Date of Award

Spring 5-2019

Degree Name

Master of Public Health (MPH)

Advisor(s)

Luis Leon-Novelo, PhD

Second Advisor

Michael Swartz, PhD

Third Advisor

Marcia Otto, PhD

Abstract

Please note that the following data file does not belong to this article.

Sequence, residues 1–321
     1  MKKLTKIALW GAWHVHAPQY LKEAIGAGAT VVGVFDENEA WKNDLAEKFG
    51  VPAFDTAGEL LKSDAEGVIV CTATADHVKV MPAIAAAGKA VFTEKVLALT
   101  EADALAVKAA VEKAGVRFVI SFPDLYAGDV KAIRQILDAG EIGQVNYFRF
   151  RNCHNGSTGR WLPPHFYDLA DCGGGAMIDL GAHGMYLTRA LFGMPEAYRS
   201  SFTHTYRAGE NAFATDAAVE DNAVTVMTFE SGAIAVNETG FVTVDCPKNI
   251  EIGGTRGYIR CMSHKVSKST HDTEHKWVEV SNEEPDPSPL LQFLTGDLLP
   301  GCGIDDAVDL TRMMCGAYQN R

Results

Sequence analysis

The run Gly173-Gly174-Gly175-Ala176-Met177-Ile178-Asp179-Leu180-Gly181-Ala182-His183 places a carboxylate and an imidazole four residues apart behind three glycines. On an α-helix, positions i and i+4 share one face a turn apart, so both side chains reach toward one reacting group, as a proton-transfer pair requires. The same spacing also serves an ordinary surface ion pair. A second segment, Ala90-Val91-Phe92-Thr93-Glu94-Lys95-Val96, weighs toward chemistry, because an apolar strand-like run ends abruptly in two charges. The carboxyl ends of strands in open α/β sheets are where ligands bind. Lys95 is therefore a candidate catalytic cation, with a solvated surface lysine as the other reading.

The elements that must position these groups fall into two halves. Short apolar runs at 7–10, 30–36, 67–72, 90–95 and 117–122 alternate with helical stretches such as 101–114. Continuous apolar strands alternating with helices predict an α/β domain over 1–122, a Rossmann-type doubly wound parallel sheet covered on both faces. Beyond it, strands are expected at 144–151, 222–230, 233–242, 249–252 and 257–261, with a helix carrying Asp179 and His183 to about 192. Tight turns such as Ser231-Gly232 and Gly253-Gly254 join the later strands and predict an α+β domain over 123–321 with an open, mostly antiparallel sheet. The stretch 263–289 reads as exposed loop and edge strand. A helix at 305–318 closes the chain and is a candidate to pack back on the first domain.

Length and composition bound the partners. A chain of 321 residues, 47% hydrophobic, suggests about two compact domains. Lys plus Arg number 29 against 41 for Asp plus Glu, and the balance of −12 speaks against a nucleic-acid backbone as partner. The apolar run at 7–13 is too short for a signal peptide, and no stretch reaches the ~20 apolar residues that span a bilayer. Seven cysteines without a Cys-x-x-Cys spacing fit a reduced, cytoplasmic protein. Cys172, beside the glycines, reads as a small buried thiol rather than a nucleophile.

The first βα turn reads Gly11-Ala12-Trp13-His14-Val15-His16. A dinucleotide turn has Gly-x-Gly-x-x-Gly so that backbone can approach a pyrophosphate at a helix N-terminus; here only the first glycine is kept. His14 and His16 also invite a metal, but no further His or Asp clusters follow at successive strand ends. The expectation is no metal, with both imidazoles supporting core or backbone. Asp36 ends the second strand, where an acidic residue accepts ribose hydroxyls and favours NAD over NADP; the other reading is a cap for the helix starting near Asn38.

Survey data is often collected using complex sampling designs so that the probability of being included in the study is related to the outcome of interest (i.e. informative sample). Recently, a novel fully-Bayesian method has been developed for modeling data under informative sampling. Initial results indicate that this novel construction reduces bias in variance estimates compared to other pseudo-Bayesian techniques. The performance of this method has yet to be compared to traditional Frequentist approaches, which typically rely on Taylor series linearization (TSL) or resampling techniques for standard error (SE) estimation. Here, we modeled the relationship between depression and inflammation using data from the National Health and Nutrition Examination Survey using both a the fully-Bayesian method and a Frequentist method, specifically weighted least squares regression with TSL variance estimation. Although fully-Bayesian and the standard Frequentist approach generated similar parameter estimates, the fully-Bayesian model tended to produce smaller SEs than the Frequentist method. These findings suggest that the fully-Bayesian method performs equivalently to traditional Frequentist methods and may even provide better variance estimates than those computed by TSL. The current findings also replicate previous findings that the relationship between inflammation and depression is likely influenced by alcohol use, smoking, and Body Mass Index (BMI), but must be interpreted cautiously due to the high level of missing data.

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